“Also I don’t think there are a lot of teams clamoring to give up real quality prospect arms for light hitting defenders”

          Again, front executives love what Barney brings to the table (to a winning ballclub). Barney’s name has been thrown around in trade talk since July because they think he has uber value (cheap, gold glove)

          • DocPeterWimsey

            I’d alter one thing there. Barney’s value has hit a peak: he’s never been worth more than he is now. However, this does not mean that he won’t be worth more in 9 months: if so, then he’ll be at a new peak.

            To an extent, it almost must be the case that some people think this possible: otherwise, his value would be dropping!

          • Kyle

            His playing abilities have probably peaked, but it’s not out of the question he could add a bit more offense, I guess.

            But his value has definitely peaked, because service time doesn’t go backwards. He’s got four cost-controlled years, including one pre-arb, coming up. That will only go down from here.

          • Mick

            I still think its a bit too small of a sample size to conclude Barney has “peaked” in value. He’s had 2 full season with the Cubs and 5 years total in professional baseball. After reviewing his numbers I’d say the results are inconclusive at best. If you suggest that his value as “peaked” then you must be referring to his defense. If that’s the case, what’s the difference if the Cubs traded him now or a year from now? His value would be about the same. But, if he were to improve in a few categories such as BABIP, SB, and his home/away splits his value could improve significantly. I’m not a huge Barney fan here but in the efforts to net the Cubs the greatest trade return I believe the risk in giving him one more season is less than that of trading him now as soley a defensive specialist.

            • CubFan Paul

              Smh. See Kyle above.

              • Mick

                Cool, then you’d trade him for a bag of shag balls and a cracked fungo because his value would never improve. I think I need to re-read some of your other posts because I get confused who supports a complete rebuild, the rebuild on parallel fronts, or those who prefer to reload instead. In any case I’m not sure where trading Barney for a low-ceiling prospect while replacing him with a lesser candidate would fit in.

                • Chris

                  Nobody is advocating trading Barney just for the sake of trading him. But he’s certainly not a core guy that would be considered for the long haul. Not unless this team is, all of a sudden, stacked with bats at every other position. It’s fine to keep him around for now, but if there is a trade out there that makes sense, now is probably the time to get the most for him. His long term projections are that of a utility infielder. People got so excited about Theriot back when he first came up, but he’s proven to be exactly what he was always thought of as, a utility player. Barney is better, but he’s never going to hit for power, walk much, or hit for a high average. His defense and ability to make contact make him a major league player, but probably on the bench long-term. If there is value in moving him as part of a package to get a good minor leaguer, they have to consider it. But dumping him just for the sake of dumping him is not something that is necessary.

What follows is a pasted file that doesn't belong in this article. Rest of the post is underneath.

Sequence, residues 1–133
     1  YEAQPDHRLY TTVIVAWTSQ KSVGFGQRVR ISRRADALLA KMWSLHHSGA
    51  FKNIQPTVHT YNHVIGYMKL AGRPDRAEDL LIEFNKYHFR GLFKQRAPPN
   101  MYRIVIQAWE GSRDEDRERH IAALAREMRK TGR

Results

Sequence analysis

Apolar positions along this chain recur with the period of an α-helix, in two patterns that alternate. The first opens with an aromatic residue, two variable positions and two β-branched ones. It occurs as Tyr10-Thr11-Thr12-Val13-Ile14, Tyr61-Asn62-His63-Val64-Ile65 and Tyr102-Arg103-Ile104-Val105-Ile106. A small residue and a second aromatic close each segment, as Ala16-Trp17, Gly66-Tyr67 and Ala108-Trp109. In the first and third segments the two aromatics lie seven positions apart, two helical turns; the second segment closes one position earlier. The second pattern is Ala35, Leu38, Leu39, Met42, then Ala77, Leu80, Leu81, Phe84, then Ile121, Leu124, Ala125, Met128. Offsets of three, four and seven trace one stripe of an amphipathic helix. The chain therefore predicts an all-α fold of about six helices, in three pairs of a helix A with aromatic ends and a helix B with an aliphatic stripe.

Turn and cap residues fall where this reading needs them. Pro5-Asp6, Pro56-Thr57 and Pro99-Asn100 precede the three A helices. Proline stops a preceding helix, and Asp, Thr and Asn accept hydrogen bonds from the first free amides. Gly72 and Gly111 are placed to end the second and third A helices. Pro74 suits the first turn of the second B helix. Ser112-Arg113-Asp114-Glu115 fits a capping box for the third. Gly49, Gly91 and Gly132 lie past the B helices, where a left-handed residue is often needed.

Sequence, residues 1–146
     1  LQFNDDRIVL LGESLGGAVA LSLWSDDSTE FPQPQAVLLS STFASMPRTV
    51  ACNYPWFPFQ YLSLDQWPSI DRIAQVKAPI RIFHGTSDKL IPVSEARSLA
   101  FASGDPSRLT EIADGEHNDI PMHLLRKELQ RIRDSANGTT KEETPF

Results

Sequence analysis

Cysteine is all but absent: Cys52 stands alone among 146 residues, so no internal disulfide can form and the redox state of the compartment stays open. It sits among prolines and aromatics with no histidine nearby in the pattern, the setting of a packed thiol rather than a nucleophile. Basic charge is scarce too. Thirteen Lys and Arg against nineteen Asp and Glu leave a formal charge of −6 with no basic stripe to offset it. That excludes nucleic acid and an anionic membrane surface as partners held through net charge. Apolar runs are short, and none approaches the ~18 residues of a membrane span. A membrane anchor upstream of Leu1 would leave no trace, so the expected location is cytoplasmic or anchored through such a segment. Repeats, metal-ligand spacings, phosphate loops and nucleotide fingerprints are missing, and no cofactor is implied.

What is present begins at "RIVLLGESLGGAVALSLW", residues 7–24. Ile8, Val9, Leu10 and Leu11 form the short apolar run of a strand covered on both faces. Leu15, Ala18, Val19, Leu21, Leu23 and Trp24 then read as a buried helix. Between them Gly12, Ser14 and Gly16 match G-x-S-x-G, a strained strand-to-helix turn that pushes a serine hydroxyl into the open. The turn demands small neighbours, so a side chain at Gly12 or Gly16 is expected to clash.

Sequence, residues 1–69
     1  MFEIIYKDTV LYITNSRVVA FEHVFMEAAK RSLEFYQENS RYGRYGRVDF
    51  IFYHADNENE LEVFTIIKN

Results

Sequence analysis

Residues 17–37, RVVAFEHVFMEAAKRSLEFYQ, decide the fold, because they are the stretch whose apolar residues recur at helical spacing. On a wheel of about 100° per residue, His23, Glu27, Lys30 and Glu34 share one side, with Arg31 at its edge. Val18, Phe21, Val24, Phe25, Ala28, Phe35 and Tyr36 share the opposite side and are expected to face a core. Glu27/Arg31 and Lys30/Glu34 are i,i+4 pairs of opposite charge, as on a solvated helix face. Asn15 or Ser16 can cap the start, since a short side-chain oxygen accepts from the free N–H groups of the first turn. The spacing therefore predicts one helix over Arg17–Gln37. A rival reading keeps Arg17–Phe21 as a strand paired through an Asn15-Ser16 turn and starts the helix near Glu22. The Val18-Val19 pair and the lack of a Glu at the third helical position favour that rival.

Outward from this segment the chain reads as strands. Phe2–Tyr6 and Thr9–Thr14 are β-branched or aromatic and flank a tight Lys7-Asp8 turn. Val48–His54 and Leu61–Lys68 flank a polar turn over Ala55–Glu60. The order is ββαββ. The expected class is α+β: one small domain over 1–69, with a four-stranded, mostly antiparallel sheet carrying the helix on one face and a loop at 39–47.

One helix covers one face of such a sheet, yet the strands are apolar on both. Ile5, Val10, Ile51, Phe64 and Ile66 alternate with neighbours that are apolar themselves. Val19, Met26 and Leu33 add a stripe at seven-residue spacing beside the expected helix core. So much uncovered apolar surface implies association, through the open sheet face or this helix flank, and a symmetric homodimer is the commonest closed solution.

• Chris

          Barney has exceeded expectations, as far as his performance has gone. To think he can build on this further seems a little too optimistic. He’s a solid defender that won’t hit for much power or average. He doesn’t walk a ton. Long-term he’s really more of a utility player with a good glove. He’s Ryan Theriot with a better glove. Selling high is the best option they have. This team should continue to build towards having an allstar at every position. Barney’s not the long-term answer. I expect he’ll get packaged with other players to maximize the return. Not saying they should just dump him, but utilize the upcoming gold glove to capitlize on his highest value.

    • Drew7

      “Defense wins championships”

      Did Skip Bayless start saying this recently or something? Is it just that it’s catchy? Did Tebow write it on his eye-black?

      • DocPeterWimsey

        Maybe it’s “bad defense”: after all, the 2011 Cardinals were one of the worst fielding teams in baseball!

  • BluBlud

    I know I’m being a little optimistic, but I see no reason why Baez can’t play his way to chicago by september, if not ST 2014. I know he struggled at Daytona, but his power numbers where still there, and if he has a strong AFL(so far, so good), I see him starting next year in Tennesee.